One of the nation’s leading industrial conglomerates is set to pay more than $10 billion — and potentially even more — over its role in the proliferation of “forever chemicals” in the nation’s waterways.
3M said it has reached an agreement to settle lawsuits from municipalities that have detected per- and polyfluorinated compounds, also known as PFAS. Those chemicals have been used for decades in fire- and grease-resistant coatings, including firefighting foam, nonstick cookware, and, famously, 3M’s Scotchgard material. But they also persist in the environment and the human body indefinitely — and are linked to a range of health problems.
The company is set to pay $10.3 billion over 13 years, pending court approval of the deal; should more communities find PFAS in the next three years under EPA-mandated testing, that amount could reportedly climb to as much as $12.5 billion. The payments will help fund filtering technology for PFAS-laden water, as well as additional testing.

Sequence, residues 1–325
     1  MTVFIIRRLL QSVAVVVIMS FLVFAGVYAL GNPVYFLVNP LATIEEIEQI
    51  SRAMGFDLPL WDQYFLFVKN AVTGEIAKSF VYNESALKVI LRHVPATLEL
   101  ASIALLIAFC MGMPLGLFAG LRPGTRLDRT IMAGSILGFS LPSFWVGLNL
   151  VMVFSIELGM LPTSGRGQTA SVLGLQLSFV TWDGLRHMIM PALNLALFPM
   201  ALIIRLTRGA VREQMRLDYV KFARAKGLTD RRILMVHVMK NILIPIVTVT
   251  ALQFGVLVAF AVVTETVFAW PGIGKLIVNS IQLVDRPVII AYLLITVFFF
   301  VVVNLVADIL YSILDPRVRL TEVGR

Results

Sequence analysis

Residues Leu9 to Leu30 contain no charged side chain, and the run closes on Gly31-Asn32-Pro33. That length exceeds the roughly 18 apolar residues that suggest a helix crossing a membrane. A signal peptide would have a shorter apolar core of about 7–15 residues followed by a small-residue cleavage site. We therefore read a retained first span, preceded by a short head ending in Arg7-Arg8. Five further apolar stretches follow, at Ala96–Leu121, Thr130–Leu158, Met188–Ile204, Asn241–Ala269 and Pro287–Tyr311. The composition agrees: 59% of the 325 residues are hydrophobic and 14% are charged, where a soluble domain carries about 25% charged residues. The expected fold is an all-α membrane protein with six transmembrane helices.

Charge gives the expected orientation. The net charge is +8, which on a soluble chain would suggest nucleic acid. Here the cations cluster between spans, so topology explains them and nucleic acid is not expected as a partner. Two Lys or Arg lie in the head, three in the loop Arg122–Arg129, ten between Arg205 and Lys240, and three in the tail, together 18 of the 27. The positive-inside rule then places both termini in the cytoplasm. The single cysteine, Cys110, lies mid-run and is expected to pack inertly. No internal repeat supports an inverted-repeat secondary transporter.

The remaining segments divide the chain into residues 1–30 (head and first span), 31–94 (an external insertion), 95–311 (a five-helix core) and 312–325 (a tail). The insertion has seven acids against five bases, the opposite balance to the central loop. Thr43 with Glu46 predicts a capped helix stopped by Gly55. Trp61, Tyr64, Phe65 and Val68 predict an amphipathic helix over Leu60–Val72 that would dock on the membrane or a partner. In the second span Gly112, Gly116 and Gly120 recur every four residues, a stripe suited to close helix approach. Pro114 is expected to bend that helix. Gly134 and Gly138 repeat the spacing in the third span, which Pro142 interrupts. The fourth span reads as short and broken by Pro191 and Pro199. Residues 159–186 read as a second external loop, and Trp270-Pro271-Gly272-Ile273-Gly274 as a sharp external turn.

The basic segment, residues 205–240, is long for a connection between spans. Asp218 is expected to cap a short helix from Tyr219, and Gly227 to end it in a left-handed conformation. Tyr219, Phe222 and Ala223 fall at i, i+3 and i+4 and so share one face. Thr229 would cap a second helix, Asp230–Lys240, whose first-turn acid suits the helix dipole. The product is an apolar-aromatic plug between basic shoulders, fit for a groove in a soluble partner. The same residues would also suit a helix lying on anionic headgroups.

3M officials called the deal an important step forward but noted that it did not admit liability. They also acknowledged that the ultimate costs of cleaning and filtering PFAS in the U.S. could grow far beyond what’s outlined in the settlement.
3M and DuPont were the leading manufacturers of PFAS, which was invented by DuPont as Teflon in the mid-20th century. That company and spinoffs Chemours and Corteva recently reached a settlement with some 300 water systems for nearly $1.2 billion.
The Environmental Protection Agency earlier this year proposed limits on two common types of “forever chemicals” and called for additional regulations on four more. 3M late last year announced plans to phase out its production of the substances by 2025.